Linear and Nonlinear Inverse Problems with Practical Applications
Jennifer L. Mueller and Samuli Siltanen
This page contains the computational Matlab files related to the book, which you can purchase in the SIAM Bookstore.
Using the codes requires some familiarity with the Matlab software. Also, some routines make use of Matlab toolboxes (image processing toolbox in the case of X-ray tomography codes, optimization toolbox for total variation regularization for the 1D deconvolution, and PDE toolbox in the D-bar method files), which you should have available in those cases.
These Matlab files will help you get started with computational inversion.
Part I: Linear Inverse Problems
We consider several examples of linear inverse problems: X_ray tomography, one-dimensional deconvolution, image deblurring, and backward heat equation. For each example, we show how to construct measurement matrices and how to reconstruct unknown functions from indirect data corrupted by simulated noise.
The 1D convolution model has a lot of applications. We show how to simulate data and invert it using regularized methods on the following page:
Backward heat equation
Going back in time in heat propagation is a notoriously ill-posed problem. The following page contains algorithms for robust computational inversion:
We start with quite explicit computations based on actually constructing the measurement matrix A for a tomographic application:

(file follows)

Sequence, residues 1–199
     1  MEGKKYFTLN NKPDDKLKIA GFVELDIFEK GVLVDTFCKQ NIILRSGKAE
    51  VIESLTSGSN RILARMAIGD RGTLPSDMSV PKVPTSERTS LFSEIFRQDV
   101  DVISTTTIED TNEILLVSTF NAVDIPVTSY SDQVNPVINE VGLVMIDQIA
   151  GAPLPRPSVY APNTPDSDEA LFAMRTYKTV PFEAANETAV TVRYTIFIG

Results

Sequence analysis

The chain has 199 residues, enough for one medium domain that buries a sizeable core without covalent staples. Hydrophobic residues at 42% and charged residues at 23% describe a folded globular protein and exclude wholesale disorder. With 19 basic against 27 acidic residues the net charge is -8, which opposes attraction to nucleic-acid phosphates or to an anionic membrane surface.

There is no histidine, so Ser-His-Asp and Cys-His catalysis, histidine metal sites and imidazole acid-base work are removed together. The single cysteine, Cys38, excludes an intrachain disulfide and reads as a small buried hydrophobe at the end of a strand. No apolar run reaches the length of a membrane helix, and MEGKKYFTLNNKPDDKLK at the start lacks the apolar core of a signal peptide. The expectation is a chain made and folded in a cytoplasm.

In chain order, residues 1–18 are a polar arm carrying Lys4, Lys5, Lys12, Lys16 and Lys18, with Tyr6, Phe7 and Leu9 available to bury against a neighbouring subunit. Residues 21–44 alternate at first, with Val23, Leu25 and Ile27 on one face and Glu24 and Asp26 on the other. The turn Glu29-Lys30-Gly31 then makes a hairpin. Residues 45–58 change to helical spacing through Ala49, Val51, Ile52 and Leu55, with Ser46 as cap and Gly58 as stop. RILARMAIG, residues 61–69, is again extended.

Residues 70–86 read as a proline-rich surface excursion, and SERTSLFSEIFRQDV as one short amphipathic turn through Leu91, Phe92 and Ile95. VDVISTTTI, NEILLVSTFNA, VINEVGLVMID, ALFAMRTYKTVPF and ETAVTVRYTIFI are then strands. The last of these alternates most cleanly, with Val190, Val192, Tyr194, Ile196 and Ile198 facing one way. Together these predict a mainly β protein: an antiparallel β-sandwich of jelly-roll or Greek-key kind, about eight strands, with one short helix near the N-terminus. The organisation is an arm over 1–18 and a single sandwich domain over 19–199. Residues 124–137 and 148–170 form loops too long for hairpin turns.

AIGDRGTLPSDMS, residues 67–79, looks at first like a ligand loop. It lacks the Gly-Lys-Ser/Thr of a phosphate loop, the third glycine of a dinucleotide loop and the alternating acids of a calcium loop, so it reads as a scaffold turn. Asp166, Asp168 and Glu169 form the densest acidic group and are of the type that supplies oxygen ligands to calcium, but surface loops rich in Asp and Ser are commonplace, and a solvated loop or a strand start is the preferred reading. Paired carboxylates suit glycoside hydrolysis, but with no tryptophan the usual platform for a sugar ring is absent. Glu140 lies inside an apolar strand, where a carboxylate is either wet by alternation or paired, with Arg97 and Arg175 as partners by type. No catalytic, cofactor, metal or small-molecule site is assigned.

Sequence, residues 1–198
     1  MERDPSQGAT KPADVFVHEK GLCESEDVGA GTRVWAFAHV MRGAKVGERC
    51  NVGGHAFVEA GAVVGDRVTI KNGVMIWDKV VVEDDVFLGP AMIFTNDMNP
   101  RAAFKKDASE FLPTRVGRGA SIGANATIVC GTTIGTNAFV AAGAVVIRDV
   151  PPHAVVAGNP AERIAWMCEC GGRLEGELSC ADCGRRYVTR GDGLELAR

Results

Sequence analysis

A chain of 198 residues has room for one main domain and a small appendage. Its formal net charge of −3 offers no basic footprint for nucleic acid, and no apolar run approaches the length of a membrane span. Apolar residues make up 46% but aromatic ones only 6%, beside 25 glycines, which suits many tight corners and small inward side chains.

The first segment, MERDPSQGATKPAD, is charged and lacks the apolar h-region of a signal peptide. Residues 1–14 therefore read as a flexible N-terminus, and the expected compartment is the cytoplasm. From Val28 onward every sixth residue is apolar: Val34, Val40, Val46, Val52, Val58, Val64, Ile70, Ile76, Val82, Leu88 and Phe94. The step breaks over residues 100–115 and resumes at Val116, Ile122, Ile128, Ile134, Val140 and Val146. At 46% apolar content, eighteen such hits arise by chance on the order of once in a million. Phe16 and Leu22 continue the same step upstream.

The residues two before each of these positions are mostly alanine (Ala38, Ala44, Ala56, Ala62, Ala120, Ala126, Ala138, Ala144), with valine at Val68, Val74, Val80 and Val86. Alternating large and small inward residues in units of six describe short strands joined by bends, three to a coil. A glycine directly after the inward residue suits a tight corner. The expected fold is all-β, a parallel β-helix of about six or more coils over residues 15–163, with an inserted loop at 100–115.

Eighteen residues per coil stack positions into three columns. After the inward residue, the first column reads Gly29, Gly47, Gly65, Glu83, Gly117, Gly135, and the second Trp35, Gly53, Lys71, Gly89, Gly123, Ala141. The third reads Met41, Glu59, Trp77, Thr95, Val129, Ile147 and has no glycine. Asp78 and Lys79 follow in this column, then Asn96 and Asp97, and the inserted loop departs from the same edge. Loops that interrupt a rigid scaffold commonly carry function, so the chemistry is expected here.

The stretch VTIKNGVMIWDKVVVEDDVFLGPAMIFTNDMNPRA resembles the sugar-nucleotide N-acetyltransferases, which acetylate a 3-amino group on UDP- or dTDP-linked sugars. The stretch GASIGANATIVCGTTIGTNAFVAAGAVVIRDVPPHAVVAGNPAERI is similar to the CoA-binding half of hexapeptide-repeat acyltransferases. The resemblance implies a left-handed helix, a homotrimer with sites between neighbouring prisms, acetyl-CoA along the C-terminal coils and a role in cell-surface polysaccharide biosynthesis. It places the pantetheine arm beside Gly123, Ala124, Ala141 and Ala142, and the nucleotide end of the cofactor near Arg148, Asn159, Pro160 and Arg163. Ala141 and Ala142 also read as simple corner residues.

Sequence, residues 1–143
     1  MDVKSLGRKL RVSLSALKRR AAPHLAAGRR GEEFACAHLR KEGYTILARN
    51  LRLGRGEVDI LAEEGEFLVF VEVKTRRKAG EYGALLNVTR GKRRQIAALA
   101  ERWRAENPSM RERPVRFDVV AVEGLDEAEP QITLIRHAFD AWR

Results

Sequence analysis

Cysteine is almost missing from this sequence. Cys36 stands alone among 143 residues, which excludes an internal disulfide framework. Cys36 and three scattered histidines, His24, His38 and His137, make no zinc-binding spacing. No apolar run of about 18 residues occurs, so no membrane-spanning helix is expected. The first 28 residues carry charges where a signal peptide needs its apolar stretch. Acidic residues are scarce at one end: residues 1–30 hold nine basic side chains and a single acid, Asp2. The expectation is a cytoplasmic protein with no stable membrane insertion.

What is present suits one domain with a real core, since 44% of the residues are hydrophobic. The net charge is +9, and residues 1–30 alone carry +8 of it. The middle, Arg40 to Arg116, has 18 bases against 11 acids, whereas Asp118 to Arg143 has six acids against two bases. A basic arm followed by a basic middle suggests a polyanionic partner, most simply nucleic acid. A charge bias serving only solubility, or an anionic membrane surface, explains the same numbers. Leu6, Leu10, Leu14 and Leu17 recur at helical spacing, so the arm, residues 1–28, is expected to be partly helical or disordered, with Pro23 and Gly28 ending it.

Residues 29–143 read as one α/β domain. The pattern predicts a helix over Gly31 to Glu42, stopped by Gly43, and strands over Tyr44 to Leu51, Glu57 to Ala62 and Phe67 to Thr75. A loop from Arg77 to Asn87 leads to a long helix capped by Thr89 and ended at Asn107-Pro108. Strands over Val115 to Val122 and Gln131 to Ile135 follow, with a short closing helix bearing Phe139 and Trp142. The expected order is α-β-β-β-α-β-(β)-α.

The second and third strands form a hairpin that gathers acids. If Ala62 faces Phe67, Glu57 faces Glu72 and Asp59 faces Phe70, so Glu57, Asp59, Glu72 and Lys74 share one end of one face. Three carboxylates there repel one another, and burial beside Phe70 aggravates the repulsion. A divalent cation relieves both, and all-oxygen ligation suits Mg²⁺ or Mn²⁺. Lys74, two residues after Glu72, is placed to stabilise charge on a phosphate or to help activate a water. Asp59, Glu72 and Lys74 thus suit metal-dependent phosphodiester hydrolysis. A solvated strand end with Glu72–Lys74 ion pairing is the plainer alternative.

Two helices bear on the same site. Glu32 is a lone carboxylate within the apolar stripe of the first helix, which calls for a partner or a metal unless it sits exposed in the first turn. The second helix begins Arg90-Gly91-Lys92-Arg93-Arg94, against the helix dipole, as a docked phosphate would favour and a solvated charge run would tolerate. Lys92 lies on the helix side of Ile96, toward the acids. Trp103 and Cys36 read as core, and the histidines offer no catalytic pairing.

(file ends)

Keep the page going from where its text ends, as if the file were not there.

Once you are familiar with the above matrix-based approach, it's time to get more practical. In large-scale imaging, constructing the measurement matrix A is out of the question because it is too large. Instead, we implement reconstruction methods that only need to apply the matrix A and its transpose to given vectors. This in turn can be done using Matlab's Radon.m routine.
Now the stuff gets really interesting: we consider tomographic problems with sparsely sampled data! You can modify the files further to examine limited-angle tomography as well.
You can apply Tikhonov regularization and approximate total variation regularization to two-dimensional deconvolution problems using the routines on the following page:
Part II: Nonlinear Inverse Problems
The guiding example of Part II is electrical impedance tomography. We show how to simulate the Dirichlet-to-Neumann map using the Finite Element Method and how to recover the conductivity using the D-bar method.
We discuss the following two examples: